Quarterly Updates for (16 May 1995 — 15 Aug 1995)

Though Syria and Lebanon continued officially to boycott all meetings attended by Israeli representatives, two unofficial contacts took place: on 6/20, Syrian and Lebanese representatives reportedly met with an Israeli delegate on the sidelines of the multilateral meeting on water; and on 7/24 senior Syrian, Lebanese, and Israeli foreign ministry officials met in Brussels on the sidelines of the preparatory meeting for the 11/28-29 Barcelona business conference.

  • The Multilateral Talks Steering Committee (5/17-18, Montreux, Switzerland) discussed unifying the water and environmental working groups; convening economic groups once a year, instead of twice; and upgrading arms control talks to the foreign minister level. The U.S. supported an Arab initiative to create a working group on Jerusalem (opposed by Israel), and the Swiss proposed a working group on human rights (opposed by Saudi Arabia). Despite wide-ranging discussions, no decisions were taken. Israel blamed the lack of progress on the Arabs raising "issues ... not relevanto the multinational talks," such as land confiscations, release of prisoners, Jerusalem, and closure.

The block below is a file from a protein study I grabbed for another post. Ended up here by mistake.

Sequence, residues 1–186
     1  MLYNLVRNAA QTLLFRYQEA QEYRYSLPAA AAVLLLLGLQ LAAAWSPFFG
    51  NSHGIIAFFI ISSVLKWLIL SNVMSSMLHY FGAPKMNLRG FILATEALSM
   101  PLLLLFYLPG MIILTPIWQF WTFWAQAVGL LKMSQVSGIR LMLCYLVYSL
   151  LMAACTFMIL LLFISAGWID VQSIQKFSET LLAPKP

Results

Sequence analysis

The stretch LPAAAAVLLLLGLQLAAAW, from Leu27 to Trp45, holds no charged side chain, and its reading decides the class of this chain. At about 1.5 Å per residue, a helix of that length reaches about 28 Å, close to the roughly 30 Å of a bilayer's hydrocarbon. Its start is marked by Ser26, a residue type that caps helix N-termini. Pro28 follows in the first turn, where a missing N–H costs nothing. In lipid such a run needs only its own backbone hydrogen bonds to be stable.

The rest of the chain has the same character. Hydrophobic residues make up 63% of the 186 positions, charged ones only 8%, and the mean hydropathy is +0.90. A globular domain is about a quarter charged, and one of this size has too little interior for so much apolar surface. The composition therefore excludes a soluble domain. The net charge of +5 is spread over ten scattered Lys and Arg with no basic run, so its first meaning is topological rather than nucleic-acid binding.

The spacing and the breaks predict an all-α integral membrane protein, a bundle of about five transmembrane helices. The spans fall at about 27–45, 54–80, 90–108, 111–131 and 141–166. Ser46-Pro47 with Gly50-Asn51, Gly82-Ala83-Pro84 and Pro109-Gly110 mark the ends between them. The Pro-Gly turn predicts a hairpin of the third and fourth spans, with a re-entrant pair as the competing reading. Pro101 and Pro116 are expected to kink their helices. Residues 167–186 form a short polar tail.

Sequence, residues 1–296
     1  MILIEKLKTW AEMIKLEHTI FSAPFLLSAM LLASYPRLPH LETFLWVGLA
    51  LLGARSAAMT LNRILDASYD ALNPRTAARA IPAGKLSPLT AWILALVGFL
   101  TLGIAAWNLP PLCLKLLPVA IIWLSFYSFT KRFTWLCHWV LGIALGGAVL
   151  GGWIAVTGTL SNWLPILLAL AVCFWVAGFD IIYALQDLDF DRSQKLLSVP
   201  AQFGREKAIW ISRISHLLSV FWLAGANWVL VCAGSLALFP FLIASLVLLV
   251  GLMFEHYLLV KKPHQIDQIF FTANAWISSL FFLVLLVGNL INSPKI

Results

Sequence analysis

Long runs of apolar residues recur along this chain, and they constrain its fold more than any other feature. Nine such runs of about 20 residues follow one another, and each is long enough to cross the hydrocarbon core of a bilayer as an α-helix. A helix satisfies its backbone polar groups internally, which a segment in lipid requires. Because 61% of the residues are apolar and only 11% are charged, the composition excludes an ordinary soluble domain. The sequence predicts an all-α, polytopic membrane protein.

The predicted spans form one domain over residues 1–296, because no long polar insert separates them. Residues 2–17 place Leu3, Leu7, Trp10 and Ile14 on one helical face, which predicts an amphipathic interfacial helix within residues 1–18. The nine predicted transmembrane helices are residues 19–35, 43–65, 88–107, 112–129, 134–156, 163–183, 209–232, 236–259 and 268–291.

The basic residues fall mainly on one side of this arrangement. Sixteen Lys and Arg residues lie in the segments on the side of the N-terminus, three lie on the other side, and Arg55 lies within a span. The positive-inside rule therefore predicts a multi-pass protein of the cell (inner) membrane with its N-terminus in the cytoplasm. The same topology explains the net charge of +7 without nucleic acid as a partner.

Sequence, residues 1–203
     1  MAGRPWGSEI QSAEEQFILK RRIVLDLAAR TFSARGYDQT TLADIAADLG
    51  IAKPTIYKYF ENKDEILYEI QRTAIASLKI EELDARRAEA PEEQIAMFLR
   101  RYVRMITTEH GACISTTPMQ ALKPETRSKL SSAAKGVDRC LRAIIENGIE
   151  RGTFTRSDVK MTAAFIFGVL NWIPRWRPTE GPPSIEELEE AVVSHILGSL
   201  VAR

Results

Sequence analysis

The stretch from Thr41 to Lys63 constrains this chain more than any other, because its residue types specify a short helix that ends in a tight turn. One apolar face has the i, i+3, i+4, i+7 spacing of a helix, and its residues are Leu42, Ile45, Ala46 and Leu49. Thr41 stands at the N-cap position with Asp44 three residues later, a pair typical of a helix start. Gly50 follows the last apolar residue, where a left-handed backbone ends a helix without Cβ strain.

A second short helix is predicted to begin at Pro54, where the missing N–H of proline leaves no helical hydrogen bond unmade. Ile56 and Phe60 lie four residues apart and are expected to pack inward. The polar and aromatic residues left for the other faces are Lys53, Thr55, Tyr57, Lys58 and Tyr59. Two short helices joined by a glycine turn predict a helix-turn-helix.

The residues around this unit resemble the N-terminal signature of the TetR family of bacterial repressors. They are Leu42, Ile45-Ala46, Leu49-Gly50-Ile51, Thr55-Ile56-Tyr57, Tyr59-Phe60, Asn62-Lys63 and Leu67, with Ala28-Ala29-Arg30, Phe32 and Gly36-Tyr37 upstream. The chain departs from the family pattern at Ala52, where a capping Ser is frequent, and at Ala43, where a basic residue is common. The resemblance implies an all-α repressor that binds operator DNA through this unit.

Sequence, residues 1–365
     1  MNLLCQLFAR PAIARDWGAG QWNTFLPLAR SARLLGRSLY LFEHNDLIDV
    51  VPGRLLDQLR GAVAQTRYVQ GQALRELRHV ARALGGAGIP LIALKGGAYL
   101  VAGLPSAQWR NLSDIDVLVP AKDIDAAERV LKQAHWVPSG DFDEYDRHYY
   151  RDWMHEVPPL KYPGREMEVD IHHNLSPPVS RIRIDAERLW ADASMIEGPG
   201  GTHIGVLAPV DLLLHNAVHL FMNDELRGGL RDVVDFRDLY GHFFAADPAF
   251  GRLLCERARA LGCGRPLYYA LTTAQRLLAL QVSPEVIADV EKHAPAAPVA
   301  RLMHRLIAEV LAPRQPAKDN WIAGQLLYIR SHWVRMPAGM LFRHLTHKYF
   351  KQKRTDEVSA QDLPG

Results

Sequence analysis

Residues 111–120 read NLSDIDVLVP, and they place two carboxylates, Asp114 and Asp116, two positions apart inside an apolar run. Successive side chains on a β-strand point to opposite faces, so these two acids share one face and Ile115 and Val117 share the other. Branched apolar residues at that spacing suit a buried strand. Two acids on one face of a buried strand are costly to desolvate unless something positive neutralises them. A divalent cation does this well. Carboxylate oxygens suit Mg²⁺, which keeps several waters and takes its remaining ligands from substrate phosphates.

• Also in June, representatives from Egypt, Israel, Jordan, Oman, Qatar, and Tunisia held a Middle East Arms Control Group meeting. Parties agreed to establish an international center in Amman for surveillance and monitoring of arms procurement and production and other military activities in the Middle East. The center will be financed by Holland and the U.S.
  • The Multilateral Working Group on Economic Development (6/7, Amman) recommended approval of urgent regional transport projects (incl., rail networks, roads, and ports) and coordination on civil aviation.
  • The Multilateral Working Group on the Environment (6/19, Amman) discussed monitoring oil spills in the Gulf of Aqaba and antidesertification projects for Israel, Jordan, Egypt, Tunisia, and the self-rule areas. Over 40 countries participated.
  • The Multilateral Working Group on Water (6/20-22, Amman) discussed data collection, creating water resources, and equalizing water laws and regulations. Parties proposed joint projects totalling $50 m.: $2.5 m. from the U.S. and EU for a Palestinian data bank; $3 m. from Austria for water irrigation; $5 m. from the U.S, Japan, and Israel for waste water treatment; $7 m. from the Netherlands for a Nahal Besor/Wadi 'Aza dam to enrich the Gaza aquifer; and $30 m. from Oman for regional desalinization. On 6/20, the water group also convened a joint meeting with the environmental group to discuss matters of mutual interest.